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Masters of War: Military Dissent and…
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Masters of War: Military Dissent and Politics in the Vietnam Era

by Robert Buzzanco

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history (2) NF (1) politics (1) strategy (1) Vietnam (1) Vietnam War (2) war (2)

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Epigraph
I am convinced that if we are to get on the right side of the world revolution, we as a nation must undergo a radical revolution of values.  When machines and computers, profit and property rights are considered more important than people, the giant triplets of racism, materialism, and militarism are incapable of being conquered. - Martin Luther King, Jr., 4 April 1967
Dedication
In Memory of

Nick Buzzanco
(1918-1994)

Mary Tornabene Buzzanco
(1923-1979)

and

Jeane Wilson Kelso
(1924-1994)
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Although two decades have passed since U.S. combat soldiers left Indochina, Americans are still telling lies about Vietnam.
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(Click to show. Warning: May contain spoilers.)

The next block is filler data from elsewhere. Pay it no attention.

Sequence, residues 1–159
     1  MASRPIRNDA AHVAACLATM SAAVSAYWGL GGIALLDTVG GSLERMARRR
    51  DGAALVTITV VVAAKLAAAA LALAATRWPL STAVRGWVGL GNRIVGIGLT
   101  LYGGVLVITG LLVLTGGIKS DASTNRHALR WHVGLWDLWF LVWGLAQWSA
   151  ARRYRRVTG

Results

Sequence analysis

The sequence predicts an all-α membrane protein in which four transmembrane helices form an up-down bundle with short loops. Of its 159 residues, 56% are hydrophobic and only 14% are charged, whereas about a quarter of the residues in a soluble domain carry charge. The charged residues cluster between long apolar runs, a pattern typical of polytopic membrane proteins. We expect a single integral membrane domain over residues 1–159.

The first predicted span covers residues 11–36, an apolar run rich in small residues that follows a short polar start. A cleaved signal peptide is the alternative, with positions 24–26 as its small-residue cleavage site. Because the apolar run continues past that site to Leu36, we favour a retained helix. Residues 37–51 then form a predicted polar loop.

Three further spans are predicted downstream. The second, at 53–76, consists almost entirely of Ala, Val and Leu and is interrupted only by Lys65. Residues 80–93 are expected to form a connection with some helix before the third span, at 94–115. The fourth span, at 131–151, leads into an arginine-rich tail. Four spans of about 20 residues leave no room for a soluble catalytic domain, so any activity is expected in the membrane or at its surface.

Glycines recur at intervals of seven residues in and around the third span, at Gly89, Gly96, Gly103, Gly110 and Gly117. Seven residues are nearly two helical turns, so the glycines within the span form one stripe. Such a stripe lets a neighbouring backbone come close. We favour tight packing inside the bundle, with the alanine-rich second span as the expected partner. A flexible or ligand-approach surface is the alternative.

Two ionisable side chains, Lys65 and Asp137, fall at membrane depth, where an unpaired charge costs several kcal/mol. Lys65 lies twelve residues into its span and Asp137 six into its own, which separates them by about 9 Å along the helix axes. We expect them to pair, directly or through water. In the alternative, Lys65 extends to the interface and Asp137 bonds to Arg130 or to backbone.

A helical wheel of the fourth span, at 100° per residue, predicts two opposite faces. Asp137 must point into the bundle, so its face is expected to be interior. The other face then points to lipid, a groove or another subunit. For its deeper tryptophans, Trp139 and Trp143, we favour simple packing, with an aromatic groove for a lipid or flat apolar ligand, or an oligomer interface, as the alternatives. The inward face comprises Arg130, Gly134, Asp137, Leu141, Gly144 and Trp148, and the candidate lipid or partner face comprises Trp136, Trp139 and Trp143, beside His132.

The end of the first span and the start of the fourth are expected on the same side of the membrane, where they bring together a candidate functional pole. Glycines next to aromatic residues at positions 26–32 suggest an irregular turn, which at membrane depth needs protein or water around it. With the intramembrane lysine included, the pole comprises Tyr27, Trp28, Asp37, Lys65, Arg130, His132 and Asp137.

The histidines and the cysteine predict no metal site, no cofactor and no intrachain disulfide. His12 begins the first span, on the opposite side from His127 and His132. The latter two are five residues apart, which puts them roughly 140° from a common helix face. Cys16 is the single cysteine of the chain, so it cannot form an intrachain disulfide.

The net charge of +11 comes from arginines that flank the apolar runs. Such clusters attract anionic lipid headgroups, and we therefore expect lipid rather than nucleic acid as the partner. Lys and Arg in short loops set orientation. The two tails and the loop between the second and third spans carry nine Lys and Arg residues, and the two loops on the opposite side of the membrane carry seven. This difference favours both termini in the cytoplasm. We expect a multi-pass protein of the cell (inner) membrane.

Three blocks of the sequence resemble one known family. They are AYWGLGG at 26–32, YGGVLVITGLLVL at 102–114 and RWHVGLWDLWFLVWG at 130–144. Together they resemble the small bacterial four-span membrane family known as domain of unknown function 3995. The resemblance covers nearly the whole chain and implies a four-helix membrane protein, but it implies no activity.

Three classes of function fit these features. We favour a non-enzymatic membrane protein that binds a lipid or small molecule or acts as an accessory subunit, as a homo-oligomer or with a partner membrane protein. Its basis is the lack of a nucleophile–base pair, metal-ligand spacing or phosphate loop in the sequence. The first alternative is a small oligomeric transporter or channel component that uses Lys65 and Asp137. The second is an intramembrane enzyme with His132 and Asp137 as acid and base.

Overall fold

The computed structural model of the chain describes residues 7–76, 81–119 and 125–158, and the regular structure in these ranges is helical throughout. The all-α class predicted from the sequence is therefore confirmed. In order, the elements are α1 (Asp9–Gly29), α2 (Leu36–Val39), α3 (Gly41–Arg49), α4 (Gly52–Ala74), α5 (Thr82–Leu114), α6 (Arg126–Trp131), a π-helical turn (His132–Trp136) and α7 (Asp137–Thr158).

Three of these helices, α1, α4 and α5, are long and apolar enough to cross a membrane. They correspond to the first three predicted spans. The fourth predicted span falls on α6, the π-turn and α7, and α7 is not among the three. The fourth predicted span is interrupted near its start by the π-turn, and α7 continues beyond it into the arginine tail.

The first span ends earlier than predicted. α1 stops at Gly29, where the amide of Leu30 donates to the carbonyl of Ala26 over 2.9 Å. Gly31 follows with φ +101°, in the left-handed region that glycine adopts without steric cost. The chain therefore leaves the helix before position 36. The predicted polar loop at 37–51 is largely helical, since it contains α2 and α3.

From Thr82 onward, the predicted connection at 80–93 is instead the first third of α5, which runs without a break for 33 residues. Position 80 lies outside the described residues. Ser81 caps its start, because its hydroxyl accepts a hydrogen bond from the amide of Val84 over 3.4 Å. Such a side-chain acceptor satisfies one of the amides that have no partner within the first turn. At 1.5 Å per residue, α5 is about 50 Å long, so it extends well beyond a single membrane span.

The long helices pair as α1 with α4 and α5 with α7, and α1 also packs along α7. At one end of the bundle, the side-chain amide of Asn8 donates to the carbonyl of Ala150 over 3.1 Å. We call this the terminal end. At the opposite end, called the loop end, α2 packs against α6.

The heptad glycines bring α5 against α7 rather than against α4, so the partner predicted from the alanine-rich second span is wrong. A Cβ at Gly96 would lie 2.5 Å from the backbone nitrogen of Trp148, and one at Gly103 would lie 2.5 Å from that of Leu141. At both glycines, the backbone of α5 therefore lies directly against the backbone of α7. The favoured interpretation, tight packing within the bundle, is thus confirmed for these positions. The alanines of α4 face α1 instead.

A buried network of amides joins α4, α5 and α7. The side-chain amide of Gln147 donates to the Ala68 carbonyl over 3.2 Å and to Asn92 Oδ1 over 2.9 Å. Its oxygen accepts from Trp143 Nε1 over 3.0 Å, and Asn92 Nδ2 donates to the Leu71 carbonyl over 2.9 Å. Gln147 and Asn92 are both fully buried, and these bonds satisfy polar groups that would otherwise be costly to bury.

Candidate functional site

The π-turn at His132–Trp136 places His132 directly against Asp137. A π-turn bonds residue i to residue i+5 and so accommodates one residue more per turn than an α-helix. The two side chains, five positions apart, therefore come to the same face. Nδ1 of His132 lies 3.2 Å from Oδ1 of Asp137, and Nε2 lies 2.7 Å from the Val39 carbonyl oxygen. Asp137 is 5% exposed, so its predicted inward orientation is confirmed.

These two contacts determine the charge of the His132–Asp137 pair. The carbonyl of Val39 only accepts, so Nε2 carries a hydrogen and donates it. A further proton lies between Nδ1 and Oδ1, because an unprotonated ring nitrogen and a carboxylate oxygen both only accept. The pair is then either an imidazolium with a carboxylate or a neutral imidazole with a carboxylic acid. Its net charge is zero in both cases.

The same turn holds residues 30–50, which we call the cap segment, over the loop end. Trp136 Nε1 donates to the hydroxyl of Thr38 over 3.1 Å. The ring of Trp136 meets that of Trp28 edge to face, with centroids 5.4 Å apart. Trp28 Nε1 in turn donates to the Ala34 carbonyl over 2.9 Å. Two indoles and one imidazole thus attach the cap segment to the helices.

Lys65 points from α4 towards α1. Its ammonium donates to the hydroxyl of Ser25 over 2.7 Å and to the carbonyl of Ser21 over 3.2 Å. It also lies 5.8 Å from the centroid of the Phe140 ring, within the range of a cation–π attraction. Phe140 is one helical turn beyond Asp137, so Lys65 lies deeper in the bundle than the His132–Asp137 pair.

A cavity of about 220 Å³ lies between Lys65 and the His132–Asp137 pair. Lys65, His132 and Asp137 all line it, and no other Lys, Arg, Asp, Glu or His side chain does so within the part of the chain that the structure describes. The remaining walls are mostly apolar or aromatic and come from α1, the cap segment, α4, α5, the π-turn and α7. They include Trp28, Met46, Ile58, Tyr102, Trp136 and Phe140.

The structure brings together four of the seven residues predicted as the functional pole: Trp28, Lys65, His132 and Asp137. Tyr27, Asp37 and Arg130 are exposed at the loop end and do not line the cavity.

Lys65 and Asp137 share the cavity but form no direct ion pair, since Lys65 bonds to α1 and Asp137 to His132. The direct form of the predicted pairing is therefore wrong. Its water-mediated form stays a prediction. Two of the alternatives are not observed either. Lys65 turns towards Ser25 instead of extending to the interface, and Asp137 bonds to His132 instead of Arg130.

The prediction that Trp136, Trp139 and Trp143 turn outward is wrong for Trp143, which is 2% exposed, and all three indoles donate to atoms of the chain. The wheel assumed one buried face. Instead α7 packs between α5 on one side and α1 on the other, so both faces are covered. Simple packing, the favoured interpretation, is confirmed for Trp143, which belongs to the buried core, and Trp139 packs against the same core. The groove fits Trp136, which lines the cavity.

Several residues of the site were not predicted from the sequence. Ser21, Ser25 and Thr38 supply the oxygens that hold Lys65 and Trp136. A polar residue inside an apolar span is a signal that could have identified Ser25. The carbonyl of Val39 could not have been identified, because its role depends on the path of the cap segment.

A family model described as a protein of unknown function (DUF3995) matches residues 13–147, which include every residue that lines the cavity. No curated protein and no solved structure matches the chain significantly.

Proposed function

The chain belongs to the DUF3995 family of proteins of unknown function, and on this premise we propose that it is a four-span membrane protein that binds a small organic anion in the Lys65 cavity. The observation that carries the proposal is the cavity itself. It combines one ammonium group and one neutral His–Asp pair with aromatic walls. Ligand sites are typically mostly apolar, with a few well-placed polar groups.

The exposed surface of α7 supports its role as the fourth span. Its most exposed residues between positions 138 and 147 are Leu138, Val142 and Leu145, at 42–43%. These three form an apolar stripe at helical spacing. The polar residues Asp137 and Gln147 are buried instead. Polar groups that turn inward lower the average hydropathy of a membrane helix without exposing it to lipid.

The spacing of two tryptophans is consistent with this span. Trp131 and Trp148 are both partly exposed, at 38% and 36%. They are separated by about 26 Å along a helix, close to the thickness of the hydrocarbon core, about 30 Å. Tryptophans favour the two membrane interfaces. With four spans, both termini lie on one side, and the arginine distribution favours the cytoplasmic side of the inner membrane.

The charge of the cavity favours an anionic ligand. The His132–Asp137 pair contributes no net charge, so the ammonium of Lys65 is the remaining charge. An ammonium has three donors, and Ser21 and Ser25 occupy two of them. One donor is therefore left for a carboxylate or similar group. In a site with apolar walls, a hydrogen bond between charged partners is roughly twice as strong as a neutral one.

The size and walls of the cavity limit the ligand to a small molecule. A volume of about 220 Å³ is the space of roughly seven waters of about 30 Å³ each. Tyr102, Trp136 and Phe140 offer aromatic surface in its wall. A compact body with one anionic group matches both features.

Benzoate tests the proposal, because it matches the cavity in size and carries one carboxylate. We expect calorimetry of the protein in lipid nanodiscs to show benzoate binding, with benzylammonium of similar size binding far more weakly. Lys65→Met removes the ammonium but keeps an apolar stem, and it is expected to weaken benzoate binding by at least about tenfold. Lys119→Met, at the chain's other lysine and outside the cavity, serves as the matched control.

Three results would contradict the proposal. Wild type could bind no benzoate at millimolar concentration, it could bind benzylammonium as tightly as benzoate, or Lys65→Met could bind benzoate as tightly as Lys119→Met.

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Amazon.com Product Description (ISBN 0521599407, Paperback)

Throughout the past decade, defenders of the U.S. role in Vietnam have argued that America's defeat was not the result of an illegitimate intervention or military shortcomings, but rather a failure of will because national leaders, principally Lyndon B. Johnson, forced the troops to "fight with one hand tied behind their backs." In this volume, Robert Buzzanco disproves this theory by demonstrating that political leaders, not the military brass, pressed for war; that American policymakers always understood the problems and peril of war in Indochina; and that civil-military acrimony and the political desire to defer responsibility for Vietnam helped lead the United States into the war. For the first time, these crucial issues of military dissent, interservice rivalries, and civil-military relations and politics have been tied together to provide a cogent and comprehensive analysis of the U.S. role in Vietnam.

(retrieved from Amazon Thu, 12 Mar 2015 18:19:30 -0400)

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